• In general, while there are some figures dating back to Columbus, or the 1830's, there are very few figures from the '40's and '50's. Some of the 1930's or contemporary ones can be used, but you have to pick and choose. Railroad workers don't change that much, but women figures should tend to be dressed in the latest styles. Most women dressed up to go downtown - few if any in hair curlers or jeans back then - including gloves.
    All men, except uniformed blue collar workers, wore suits, even on their days off, with only rare exceptions. (When I was a freshman here at RPI in '68, we still had a dress code for dinner at the Freshman Dining Hall - we had to wear a suit coat and tie. When students starting coming to dinner in a tee-shirt, shorts, sneakers, but with the coat and tie, the tradition suffered a fatal setback. This was the '60's, after all.)
    And many uniformed trade workers, such as milk men, often had ties, typically bow ties (this was less likely to get caught in moving machinery).
    As with all figures, both painted sets and unpainted sets in bulk would be best. (Somewhat DONE - the new Woodland Scenics figures seem to be doing more steam-era clothing.)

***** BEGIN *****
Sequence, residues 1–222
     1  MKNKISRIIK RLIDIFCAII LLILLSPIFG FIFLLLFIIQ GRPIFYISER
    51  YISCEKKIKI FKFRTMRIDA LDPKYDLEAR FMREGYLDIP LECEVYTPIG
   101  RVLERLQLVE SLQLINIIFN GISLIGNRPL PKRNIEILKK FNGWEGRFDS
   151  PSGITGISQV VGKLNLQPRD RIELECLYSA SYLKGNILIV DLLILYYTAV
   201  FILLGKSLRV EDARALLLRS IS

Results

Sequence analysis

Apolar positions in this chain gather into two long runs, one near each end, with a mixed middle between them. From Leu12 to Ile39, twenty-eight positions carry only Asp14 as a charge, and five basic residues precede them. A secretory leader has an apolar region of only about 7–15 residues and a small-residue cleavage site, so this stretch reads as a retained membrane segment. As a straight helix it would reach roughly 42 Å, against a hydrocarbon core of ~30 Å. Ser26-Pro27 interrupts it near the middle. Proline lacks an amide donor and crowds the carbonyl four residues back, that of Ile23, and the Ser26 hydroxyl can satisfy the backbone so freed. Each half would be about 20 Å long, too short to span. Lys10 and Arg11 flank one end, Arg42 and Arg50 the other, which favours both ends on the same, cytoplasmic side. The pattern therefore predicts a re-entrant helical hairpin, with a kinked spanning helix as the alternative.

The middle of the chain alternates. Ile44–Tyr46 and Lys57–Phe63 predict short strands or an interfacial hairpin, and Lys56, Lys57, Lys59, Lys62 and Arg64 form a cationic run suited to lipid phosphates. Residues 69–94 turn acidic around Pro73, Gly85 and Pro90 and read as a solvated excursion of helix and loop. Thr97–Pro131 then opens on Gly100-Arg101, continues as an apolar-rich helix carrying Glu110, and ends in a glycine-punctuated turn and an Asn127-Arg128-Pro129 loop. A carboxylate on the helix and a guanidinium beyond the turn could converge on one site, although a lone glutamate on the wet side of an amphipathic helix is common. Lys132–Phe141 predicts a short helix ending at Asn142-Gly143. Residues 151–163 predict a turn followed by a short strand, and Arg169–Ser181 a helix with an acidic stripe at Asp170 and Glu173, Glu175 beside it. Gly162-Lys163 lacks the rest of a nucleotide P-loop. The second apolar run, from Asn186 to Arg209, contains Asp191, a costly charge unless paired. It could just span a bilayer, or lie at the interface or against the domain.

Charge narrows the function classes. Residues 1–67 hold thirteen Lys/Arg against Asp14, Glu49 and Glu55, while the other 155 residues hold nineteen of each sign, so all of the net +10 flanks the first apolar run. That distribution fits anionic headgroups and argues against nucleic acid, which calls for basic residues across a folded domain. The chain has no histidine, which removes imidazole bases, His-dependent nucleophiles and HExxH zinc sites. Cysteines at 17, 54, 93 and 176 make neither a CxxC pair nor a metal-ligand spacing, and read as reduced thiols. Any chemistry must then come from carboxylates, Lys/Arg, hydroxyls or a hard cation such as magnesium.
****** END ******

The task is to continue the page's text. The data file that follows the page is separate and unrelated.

• A man lying in a hammock. (See this section for more info.)

  • A person raking the lawn with the "fan" type rack.

  • A couple of children behind a lemonade stand.

  • A policeman or fireman figure opening an urban fire hydrant with kids playing in the water. I guess you'd have to cast the water too, in clear plastic.

  • Few blue-collar workers wore hard hats back in steam days. Wish they would make the same sets that are offered with hard hats, only with other types of hats, such as fedoras or caps.

  • I got a request from a visitor for children playing hop-scotch. I can't remember the rules, but I think there would be a need for one child to be jumping, with one leg raised, like the way flamingos do, while the others just stand and watch. I've been looking for a period source for the layout of the chalk outline on the sidewalk, as that is something we could do ourselves, and be a neat detail by itself. Yes, I know the game probably has not changed in 100 years, but still I would like to see a contemporary account.